This can vary between the tent and the types of places it is used in and the care used when placing it. What happens to most tents without a footprint the tent is in constant contact with the ground which can be covered in little sharper objects.
This also doesn’t take into account your movements while inside the tent as every time you move around inside the tent you cause a slight rub of the floor against the ground.
This slight rubbing is what causes the most damage other than direct contact with the ground and foreign objects which could cause puncture or slash issues.
Won’t a Footprint or Ground Cloth Keep Me Drier if it Rains?
This is not the purpose of the footprint when used with the tent, obviously you want it to not collect water between your tent and the footprint. This end objective should protect you better from potential water coming through the bottom of the tent.
Your footprint should always be smaller than the tent to help ensure the water doesn’t cross into the midsection between the tent floor and the footprint.
Why Are Tent Footprints Smaller than the Tent Floor?
The reason that the tent footprints is made slightly smaller than the accompanying tent’s main floor is to prevent any collection of water between the tent floor and the footprint. If this water accumulation was to happen it could cause dampness, condensation, and heat loss within the tent compartment which are all bad things for the occupants.
How do I Clean a Tent Footprint?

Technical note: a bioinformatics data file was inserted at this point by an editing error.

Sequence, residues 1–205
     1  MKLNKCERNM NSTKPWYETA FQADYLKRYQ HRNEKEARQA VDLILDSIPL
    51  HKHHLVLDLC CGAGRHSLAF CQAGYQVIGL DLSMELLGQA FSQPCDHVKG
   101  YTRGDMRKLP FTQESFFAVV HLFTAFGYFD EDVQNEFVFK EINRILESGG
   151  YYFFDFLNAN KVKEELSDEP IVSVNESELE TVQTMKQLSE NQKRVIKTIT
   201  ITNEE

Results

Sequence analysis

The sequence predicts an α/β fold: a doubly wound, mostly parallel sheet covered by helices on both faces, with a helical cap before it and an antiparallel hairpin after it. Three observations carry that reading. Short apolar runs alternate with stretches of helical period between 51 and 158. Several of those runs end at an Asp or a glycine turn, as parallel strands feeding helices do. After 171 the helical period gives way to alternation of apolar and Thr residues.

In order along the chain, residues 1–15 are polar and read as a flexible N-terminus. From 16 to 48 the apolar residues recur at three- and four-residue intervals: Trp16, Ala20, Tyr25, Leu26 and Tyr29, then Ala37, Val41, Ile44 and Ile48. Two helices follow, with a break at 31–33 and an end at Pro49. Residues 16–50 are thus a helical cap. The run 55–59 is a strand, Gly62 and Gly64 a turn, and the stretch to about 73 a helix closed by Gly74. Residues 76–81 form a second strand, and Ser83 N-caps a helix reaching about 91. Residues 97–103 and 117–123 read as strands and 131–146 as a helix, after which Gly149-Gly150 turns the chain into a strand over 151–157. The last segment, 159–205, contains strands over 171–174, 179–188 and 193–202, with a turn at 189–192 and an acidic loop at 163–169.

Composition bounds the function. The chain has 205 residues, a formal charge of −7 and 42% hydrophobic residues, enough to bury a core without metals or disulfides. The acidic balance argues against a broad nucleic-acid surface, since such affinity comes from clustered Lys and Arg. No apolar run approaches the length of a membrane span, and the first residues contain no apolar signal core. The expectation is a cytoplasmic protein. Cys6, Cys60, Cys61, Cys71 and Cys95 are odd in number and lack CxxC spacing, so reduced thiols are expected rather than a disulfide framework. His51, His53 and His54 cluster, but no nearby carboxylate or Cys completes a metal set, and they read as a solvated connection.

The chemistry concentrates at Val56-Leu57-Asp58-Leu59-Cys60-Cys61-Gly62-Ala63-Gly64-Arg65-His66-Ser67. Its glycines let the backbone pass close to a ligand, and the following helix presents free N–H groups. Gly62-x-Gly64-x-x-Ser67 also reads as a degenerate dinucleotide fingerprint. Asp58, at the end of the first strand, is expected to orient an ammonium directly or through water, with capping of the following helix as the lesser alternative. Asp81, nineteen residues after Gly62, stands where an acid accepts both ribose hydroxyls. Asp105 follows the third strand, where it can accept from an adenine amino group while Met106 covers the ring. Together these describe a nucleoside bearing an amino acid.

The simplest and most straight forward way to clean a tent footprint is to use a clean cloth with a mild detergent and wipe over the footprint. When you have more stubborn stains, you can add on water and a brush and scrub lightly until the dirt is washed off.
You can use the same process if your footprint has a substantial mud and muck issue. You can use a scourer but then you must remain very cautious and careful and scrub lightly so as not to scratch your footprint.
Final Thoughts on Do I Need a Footprint for my Tent
If you are a serious backpacker you should protect your investments, like a tent at hundreds of dollars, with a footprint as this is minimal cost compared to your tent.
If cost and weight are important factors to you and your trips you need to look at how to use Tyvek or Polycro and create an ultralight footprint to carry.
Taking the time to make and clear a proper campsite will help extend the life of your tent and the footprint. Sometimes this can be difficult barring weather and time of day but that is the exception versus the rule and this will help keep you having an enjoyable trip and enjoyable nights for weeks to come!
How to Choose an Ultralight Tent or Shelter for a Thru Hike
Making the plunge to purchase your first ultralight tent comes with some caveats wher eyou want to consider your needs and the area you are heading.
Big Agnes Tiger Wall UL 2 MTNGLO Tent Review
This is an amazing value for the cost allowing you to carry on the trail for a very low weight. It has enough space to fit you and your bag!!
6 Best Tents For an Enjoyable Appalachian Trail Thru-Hike
When you take on the Appalachian Trail you are committing yourself to 4-6 months of consistent travel, you want to have a place to stop and call home.
9 Best Budget Tents Under $100 for Backpacking or Camping
You are just getting yourself started when you look to a $100 tent, just beginning to explore your want to be in the outdoors and need a starter tent.
3F UL Gear Lanshan 2 Tent Review: Best Budget UL 2P Tent
Watching hikers purchase $600 tents was a tad bit irritating as I didn't have that kind of disposable income, fortunately I read up on 3F UL Gear Lanshan 2!
Big Agnes Fly Creek HV Carbon 2 Tent Review: Elite Ultralight
When you are looking for ultralight backpacking tents the Big Agnes Fly Creek HV Carbon 2 Tent has got to be at the top of your list!